MINGO JUNCTION — Indian Creek school board officials are backing a move to more accurately calculate funding costs for education.
The board passed a resolution in support of H.B. 305, also known as the Fair School Funding Plan, which they say would paint a clearer picture of how money should be used. According to the resolution, Ohio Rep. Robert Cupp, R-Lima, and Rep. John Patterson, D-Jefferson, convened a statewide workgroup including school district treasurers and superintendents to devise a new formula that would overhaul the current school funding system.
The group has worked for the past three years to determine what was necessary to fund a thorough and efficient system of common schools to reduce an over-reliance on local property tax and create equity in the state foundation system.
The board deemed it necessary to formally endorse the plan “to ensure that K-12 schools in Ohio are funded using a rational school funding system that meets the needs of all Ohio’s students in the 21st century.”
Indian Creek Schools Superintendent T.C. Chappelear said an effort has been underway to determine a more feasible manner and state legislators are expected to vote in the current session.
“The Fair School Funding Plan has been something that a workgroup has been working on for a few years. They are really trying to get something done by the end of this session,” he said. “The issue is they are going to have to start over from zero if they get nothing done.”
Officials believe the measure will pass in the Ohio House but it may be more difficult in the Senate, which has a proposal of its own.
“Currently, we get funded at $6,020 per student and we don’t know why it’s that number,” Chappelear added. “The workgroup looked at the cost of educating a student, the number of schools and what should be funded for teachers … to come up with a way the district could be funded to provide an education for the students.”
During discussion, he explained that the state share index was determined by a 60-40 percent mix of property valuations and income, and while Indian Creek appears to be plentiful according to valuations it is different under the income guidelines.
“There would be a fairer way to determine how it should be funded,” he continued.
District Treasurer Denise Todoroff noted that the new plan also does not include open enrollment or EdChoice vouchers.
“We are going to be funded on the students educated so we won’t lose money. The scenarios are fully funded and it benefits us,” she said.
“To me, this is an explainable formula,” Chappelear said. “The challenge is Senate Chairman Matt Huffman has his own plan and the one developed by the workgroup that includes education and funding experts. The hope is the legislators will see (ours) makes sense.”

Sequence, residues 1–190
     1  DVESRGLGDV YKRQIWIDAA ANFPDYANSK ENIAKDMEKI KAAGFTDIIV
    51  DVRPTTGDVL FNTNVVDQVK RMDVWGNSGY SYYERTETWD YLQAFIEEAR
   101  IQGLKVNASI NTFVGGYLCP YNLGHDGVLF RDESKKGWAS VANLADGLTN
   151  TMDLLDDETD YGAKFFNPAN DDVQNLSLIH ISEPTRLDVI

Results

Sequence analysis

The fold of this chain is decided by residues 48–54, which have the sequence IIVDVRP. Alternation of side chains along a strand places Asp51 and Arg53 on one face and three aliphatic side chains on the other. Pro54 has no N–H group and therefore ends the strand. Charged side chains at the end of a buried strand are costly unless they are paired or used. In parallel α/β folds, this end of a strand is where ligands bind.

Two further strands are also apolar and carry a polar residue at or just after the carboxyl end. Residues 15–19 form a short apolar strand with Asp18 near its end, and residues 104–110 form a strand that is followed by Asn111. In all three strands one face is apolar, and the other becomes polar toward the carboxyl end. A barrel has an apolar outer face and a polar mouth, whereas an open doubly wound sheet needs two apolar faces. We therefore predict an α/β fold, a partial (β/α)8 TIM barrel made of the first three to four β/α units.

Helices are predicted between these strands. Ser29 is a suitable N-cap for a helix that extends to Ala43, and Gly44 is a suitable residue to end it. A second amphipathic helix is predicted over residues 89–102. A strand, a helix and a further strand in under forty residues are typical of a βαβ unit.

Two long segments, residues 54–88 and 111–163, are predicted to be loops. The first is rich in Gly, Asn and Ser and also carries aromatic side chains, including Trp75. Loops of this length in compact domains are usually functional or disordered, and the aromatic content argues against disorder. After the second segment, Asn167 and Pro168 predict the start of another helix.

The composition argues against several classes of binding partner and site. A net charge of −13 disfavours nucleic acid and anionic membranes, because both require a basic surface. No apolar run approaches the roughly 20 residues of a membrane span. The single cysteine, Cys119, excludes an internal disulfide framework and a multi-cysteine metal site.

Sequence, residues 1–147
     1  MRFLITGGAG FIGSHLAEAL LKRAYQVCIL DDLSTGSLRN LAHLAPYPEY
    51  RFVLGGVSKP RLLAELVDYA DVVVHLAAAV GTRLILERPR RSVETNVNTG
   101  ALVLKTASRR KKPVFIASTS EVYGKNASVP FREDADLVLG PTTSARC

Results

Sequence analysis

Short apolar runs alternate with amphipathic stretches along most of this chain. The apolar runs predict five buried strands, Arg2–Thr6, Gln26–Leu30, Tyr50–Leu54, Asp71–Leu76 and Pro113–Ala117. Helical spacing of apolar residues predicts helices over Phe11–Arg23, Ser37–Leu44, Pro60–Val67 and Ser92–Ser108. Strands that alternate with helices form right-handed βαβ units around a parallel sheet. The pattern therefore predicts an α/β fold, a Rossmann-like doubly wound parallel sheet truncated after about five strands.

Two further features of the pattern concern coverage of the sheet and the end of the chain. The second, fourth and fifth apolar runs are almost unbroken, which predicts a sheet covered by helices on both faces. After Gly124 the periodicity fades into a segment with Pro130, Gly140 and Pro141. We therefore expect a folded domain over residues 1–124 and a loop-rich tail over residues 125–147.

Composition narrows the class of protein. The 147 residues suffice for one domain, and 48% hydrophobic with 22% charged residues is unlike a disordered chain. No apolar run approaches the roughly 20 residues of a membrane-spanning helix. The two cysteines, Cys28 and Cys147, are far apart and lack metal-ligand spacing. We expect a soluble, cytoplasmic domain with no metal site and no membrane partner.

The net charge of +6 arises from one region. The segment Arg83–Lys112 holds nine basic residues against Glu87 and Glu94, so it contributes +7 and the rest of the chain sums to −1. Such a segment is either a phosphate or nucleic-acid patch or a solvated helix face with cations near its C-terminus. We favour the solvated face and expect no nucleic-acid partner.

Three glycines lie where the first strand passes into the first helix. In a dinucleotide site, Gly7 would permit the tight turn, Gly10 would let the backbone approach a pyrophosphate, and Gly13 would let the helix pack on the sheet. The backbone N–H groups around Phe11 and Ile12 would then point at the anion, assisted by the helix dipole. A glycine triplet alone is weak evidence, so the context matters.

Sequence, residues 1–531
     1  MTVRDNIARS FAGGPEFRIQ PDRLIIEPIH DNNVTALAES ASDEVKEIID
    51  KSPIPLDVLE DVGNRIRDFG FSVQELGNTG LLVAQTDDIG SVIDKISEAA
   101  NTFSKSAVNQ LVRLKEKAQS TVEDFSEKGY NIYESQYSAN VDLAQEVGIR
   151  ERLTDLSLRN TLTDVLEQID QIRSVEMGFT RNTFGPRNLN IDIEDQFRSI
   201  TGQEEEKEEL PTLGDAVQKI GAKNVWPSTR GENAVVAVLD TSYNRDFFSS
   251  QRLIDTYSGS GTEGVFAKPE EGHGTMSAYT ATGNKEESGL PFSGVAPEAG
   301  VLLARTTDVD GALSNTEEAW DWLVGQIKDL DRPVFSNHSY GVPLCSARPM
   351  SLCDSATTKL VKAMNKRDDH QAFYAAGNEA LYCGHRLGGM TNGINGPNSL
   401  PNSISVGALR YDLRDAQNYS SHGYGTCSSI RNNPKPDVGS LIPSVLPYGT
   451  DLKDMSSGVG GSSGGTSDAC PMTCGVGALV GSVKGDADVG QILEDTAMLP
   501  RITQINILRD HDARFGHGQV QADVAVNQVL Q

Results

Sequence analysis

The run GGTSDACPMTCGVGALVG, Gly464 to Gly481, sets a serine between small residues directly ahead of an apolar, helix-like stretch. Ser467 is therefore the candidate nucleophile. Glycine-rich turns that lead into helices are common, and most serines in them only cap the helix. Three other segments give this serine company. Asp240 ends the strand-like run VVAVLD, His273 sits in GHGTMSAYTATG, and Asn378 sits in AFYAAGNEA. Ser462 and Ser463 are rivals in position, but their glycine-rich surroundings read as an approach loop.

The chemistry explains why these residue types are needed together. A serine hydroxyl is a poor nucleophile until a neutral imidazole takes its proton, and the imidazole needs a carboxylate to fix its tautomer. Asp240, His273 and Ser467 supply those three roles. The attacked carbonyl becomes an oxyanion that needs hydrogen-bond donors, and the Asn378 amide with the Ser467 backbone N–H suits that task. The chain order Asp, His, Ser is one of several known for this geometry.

Leaders also suggested contacting local legislators to support the Fair School Funding Plan when it goes to vote at the Statehouse.
Meanwhile, Todoroff presented the five-year forecast for approval and said the numbers indicate some deficit spending in the future.
“The forecast is looking a little better than May, but unfortunately it looks like we’re spending more than we’re taking in,” she explained. “We should finish this year with over $2 million with $1.4 million next year and over $600,000 in fiscal year 2023.”
She cited changes in insurance premiums, saying the district paid for 11 months during the last fiscal year and 13 months this time. Todoroff continued that revenue from mineral valuations have benefitted Indian Creek’s coffers but it could be a temporary source, while she was also keeping an eye on real estate values.
In other matters, the board:
¯ Recognized National American Education Week with correspondence from Indian Creek Education Association President Karen Lloyd recognizing teachers for providing face-to-face and virtual education during COVID-19 and also thanking leaders for their ongoing cooperation;
¯ Accepted a $500 donation from Hilscher-Clarke Electric Co. of Canton for the food pantries at all four buildings;
¯ Recognized students and athletes for their successes and discussed a planned virtual talent show at Indian Creek High School on Dec. 22 which will be shown on YouTube;
¯ Approved an easement and right of way for American Electric Power for electric installation to the new high school project in Wintersville;
¯ Hired Crissy Russell as a bus driver;
¯ Approved supplemental contracts for Joe Pulver, freshman boys’ basketball; Clay Edgerly and Josh Morris, eighth-grade boys’ basketball (half-positions); Mike Conrad, seventh-grade boys’ basketball coach; Tera Parrish, eighth-grade girls’ basketball; Courtney Hatcher, seventh-grade girls’ basketball; and Monica Pendleton, ICHS boys’ and girls’ tennis;
¯ Named Kenneth Skinner and Raeann Sowers as volunteers at Indian Creek Middle School;
¯ Approved the resignation of Brandy Riley, cook/cashier at Wintersville Elementary;
¯ Approved Angela Bell as a cafeteria, secretary and paraprofessional on the classified substitute list;
¯ Heard from Chappelear that a time capsule was found at Kettlewell Stadium with programs and information from the original stadium dedication. The materials were provided to the Kettlewell family while the stadium plaque will be placed on the new building;
¯ Learned from Assistant Superintendent John Belt on construction and renovations in the district, including the razing of buildings at Kettlewell Stadium to create new concession, restrooms and amenities with demolition set for Dec. 1. He said the gym will also be enclosed at Cross Creek Elementary in December while the first three classrooms at Hills Elementary are being renovated. The board later set the next meeting for Dec. 17 at 6 p.m. at Hills to showcase the work.
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